Dunrobin Castle Station: Prince Charles visits unique Scottish railway station

The Prince of Wales donned a kilt for a visit to mark the 150th anniversary of the opening of a unique stretch of railway in Scotland.

Charles toured Dunrobin Castle Station, part of the Duke of Sutherland's railway which is believed to be the only part of the national rail network to have been planned, financed and opened by one person.

The Highland line created by the duke runs from Golspie to Helmsdale and opened on May 16, 1871.

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The prince, who is also known by his Scottish title the Duke of Rothesay when in Scotland, toured Dunrobin station on Sunday with its honorary station master, Daniel Brittain-Catlin.

The Duke of Rothesay during a visit to Dunrobin Station and Castle.

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Alan Ross, Network Rail director of engineering and asset management (Scotland), gave a speech during the visit.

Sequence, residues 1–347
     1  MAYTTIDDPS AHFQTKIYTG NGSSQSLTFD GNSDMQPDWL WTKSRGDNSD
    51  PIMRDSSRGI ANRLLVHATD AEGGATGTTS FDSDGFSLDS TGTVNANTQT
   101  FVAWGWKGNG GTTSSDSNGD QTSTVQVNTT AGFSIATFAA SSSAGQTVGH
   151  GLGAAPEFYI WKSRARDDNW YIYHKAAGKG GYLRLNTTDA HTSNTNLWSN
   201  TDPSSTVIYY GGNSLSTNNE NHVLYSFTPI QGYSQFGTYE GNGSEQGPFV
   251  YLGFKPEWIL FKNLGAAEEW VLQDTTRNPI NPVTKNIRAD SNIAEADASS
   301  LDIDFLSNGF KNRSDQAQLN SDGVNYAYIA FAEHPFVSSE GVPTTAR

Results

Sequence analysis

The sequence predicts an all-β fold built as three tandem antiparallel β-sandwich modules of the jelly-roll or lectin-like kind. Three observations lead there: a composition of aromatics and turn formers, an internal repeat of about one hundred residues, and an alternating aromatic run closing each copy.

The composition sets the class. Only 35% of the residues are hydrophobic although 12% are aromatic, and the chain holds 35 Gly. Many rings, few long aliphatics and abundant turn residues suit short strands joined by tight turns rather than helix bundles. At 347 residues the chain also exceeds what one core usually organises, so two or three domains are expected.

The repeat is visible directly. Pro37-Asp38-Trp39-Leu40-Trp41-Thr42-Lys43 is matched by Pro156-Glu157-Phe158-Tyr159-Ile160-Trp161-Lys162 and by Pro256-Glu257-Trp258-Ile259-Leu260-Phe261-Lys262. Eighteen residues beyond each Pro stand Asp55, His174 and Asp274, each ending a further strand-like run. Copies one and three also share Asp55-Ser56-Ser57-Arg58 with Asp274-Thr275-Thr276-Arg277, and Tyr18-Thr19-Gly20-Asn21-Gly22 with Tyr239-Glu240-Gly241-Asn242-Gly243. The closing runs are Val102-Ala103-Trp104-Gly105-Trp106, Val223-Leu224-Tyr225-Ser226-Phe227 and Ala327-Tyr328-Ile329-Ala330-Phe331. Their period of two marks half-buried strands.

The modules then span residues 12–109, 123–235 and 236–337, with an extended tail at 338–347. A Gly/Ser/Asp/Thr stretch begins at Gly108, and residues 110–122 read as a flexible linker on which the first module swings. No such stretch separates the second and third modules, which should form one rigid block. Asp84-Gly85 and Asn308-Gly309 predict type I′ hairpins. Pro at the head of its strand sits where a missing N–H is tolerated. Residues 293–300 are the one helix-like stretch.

He said: "This, the 150th anniversary, is the perfect occasion to celebrate the work of the third Duke of Sutherland, who in modern day terms spent about £45 million on his various railway projects, including his own line and his own train.

"I think it goes without saying that if anyone here is prepared to invest a similar sum today, we at Network Rail would be most interested to hear from you.

"On a more serious note, as we slowly emerge from the Covid pandemic it's becoming clear there is growth in the leisure market for our railways, which presents an opportunity for this station and others like it in tourist hot spots."

Trains to Dunrobin are today operated by Scotrail's Far North Line, but it was used exclusively by the Sutherland family and guests from 1871 until the Second World War.

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